Volatility has been the norm for equity markets for some time now. Those who are unable to take the heartburn that comes with the volatility, park their funds in safer debt instruments. But debt too comes with its share of risks.
“Every instrument carries a few inherent risk. No instrument is risk free, not even debt instruments,” Raneet Mudholkar, Chairman and CEO, Financial Planning Standard Board (India) says.
Here are a few risks you should keep in mind while investing in debt.
Default Risk: “One of the biggest risk you face in debt instruments is default risk. When a company is not able to pay back the maturity as well as the coupon amount, you can face the risk of default,” said Yeshwant Aangne, Mumbai-based, Certified Financial Planner. Debt instruments come with rating from credit rating agencies.
“Always look at ratings before investing,” Aangne reminds. The higher the rating of an instrument, the lesser is the chance of a default risk. So, a debt instrument with an AAA rating will be a better net than that with a AA rating. Ratings do not guarantee against any future default. However, government securities have no default risk.
Liquidity Risk: “As compared to equity, the secondary debt markets for debt instruments is not very active. So there is a possibility that you may not get buyers for your debt instruments like NCDs,” Aangne says. In a desperate situation, you may be forced to sell your investments at a discount. This is the liquidity risk related to debt investment. FDs, however, are fairly liquid in nature. Most banks today will charge you a penalty for premature withdrawal.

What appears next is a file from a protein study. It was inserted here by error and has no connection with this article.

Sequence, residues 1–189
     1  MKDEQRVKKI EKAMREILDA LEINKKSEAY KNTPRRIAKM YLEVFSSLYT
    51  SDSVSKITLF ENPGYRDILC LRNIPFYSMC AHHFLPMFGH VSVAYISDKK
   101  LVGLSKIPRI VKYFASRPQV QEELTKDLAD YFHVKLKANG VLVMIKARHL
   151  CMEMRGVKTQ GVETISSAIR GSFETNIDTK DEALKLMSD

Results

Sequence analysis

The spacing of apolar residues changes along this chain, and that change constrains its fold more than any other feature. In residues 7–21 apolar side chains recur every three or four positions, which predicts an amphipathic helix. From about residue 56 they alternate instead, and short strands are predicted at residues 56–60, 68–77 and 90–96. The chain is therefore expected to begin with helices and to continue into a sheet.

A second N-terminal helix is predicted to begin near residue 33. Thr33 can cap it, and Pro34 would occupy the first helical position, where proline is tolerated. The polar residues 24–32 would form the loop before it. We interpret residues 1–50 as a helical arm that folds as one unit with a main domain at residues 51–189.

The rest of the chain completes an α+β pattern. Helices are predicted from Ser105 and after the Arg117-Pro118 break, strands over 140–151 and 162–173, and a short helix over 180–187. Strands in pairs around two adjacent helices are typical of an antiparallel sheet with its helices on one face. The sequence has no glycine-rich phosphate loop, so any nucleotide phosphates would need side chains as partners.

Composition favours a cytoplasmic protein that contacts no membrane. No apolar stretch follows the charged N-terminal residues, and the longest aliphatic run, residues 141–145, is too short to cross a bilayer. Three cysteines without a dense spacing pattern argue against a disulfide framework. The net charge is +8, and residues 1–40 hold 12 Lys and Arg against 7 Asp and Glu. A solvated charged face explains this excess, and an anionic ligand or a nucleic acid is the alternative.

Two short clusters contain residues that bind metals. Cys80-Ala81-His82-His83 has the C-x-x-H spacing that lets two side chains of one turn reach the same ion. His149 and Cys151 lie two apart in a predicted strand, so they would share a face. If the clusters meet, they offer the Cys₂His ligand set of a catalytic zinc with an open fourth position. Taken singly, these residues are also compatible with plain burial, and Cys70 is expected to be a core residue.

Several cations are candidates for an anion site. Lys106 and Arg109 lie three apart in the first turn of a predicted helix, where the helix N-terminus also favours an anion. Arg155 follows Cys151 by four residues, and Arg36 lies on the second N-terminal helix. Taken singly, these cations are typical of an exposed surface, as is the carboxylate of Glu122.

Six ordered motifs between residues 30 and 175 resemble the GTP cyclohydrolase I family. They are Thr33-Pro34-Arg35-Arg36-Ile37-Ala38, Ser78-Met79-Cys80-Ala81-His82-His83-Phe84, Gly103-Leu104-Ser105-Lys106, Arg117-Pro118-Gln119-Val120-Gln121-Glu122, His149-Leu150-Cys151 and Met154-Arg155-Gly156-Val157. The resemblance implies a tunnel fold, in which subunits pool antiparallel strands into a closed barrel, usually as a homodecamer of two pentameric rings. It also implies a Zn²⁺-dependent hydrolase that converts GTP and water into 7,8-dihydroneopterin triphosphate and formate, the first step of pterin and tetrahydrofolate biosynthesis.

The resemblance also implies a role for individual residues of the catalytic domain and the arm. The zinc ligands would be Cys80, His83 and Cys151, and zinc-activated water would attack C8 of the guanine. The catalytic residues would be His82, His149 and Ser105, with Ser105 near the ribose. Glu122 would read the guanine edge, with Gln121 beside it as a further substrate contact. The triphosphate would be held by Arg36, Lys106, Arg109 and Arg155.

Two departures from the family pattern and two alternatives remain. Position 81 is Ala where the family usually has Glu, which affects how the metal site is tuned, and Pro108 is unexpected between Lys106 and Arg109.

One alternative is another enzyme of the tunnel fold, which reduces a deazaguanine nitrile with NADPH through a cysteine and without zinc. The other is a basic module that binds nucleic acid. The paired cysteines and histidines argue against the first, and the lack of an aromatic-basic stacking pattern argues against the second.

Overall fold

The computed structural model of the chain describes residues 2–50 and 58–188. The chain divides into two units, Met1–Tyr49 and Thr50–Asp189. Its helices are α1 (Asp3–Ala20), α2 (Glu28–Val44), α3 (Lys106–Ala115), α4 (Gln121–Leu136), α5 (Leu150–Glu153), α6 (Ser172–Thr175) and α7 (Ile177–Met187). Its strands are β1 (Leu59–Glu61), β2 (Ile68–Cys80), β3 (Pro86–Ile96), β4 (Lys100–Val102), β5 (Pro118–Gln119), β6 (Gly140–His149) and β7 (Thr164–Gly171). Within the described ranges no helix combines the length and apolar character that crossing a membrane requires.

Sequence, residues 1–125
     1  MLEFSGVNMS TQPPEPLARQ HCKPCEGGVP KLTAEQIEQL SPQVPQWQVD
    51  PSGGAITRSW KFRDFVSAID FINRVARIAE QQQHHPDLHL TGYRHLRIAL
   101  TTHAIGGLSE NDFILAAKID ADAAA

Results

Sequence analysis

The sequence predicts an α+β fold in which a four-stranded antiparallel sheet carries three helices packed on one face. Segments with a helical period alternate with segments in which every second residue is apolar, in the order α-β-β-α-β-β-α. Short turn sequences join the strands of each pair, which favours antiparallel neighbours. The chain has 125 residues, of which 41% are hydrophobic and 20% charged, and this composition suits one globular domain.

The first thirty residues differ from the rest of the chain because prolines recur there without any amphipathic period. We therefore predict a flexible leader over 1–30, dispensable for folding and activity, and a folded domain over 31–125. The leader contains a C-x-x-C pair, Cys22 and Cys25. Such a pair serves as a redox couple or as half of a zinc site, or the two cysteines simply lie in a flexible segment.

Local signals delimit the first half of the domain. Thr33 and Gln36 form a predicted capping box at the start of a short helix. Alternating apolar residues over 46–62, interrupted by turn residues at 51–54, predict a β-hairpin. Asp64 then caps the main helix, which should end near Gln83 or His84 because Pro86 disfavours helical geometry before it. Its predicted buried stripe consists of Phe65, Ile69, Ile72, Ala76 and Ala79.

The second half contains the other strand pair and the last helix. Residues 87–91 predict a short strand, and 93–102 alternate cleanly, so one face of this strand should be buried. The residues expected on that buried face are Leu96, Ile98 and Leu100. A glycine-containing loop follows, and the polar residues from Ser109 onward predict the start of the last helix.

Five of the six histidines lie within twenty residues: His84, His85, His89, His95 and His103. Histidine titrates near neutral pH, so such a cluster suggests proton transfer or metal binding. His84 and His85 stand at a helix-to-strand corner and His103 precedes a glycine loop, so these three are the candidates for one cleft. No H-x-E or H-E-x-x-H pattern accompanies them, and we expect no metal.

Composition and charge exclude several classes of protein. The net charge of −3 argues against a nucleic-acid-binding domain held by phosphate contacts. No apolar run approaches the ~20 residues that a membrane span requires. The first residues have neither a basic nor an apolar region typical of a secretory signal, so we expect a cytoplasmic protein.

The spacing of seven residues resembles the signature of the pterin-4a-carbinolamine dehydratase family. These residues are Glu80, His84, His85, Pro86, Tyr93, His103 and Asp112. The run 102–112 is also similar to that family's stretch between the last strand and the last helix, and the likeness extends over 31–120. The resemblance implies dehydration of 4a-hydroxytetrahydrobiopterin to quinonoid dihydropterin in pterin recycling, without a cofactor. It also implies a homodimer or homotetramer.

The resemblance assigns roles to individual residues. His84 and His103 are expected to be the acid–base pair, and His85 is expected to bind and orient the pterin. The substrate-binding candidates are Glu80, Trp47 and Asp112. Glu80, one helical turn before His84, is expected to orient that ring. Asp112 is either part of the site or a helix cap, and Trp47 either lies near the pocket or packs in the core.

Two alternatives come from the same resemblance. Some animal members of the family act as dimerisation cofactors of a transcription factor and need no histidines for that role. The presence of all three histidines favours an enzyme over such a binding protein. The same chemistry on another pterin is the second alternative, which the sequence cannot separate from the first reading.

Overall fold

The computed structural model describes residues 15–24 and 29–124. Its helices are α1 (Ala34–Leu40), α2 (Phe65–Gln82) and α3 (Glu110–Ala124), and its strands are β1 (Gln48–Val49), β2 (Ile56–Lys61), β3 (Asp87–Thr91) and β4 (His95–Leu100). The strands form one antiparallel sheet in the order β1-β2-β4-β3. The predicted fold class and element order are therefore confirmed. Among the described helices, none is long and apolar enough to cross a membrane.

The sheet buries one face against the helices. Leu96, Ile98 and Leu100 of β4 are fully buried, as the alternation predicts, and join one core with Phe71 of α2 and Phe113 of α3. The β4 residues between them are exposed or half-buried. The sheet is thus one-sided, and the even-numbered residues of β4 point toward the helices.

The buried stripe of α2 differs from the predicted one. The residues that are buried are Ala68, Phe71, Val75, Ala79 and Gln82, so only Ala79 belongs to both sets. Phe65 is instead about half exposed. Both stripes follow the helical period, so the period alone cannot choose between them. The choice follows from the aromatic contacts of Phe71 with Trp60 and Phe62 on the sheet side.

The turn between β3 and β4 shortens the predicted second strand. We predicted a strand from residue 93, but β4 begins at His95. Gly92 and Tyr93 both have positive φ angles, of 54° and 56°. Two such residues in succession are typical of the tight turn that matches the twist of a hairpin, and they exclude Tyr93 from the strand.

Interest Rate Risk: The best way to tackle this risk is to hold the bond until maturity. Why so? When you hold the bond until maturity, irrespective of the interest rate fluctuations, you get the rate the issuer offered when you had purchased the bond. If you want to sell the bond prematurely, you will have to do it in the secondary market and, the price and yield you get will be that prevailing in the market. It has to be remembered that yield and prices have an inverse correlation. For FDs, however, this risk does not arise, as their interest rates are linked to the market.
Inflation risk: All debt instruments face this risk and you can’t do anything about it. For instance, if you have invested in an FD with 8 percent rate of interest, when inflation is 9 percent, . Tough in a way you are earning 8 per cent, the real rate of return is negative of around 1 percent. For bonds, the longer the tenor of the bond, the higher is your exposure to inflation risk. Apart from the above four types of risks mentioned, there are other risks such as call risk and reinvestment risk.
Call risk is only if the bond you have invested in comes with a call option. When interest rates are expected to fall (the prices are expected to rise), the bond becomes expensive for the issuer. If the bond had a call option, the company can buy the bond back the investor (who is obliged to sell it) after paying off the dues.
“Just because a particular instrument is doing better, it does not mean that you should over expose yourself. Always keep your financial goals on mind and tweak the asset allocation accordingly,” Mudholkar says.
Now that you know about the types of risk, debt instruments face. Keep them in mind while investing and take informed decision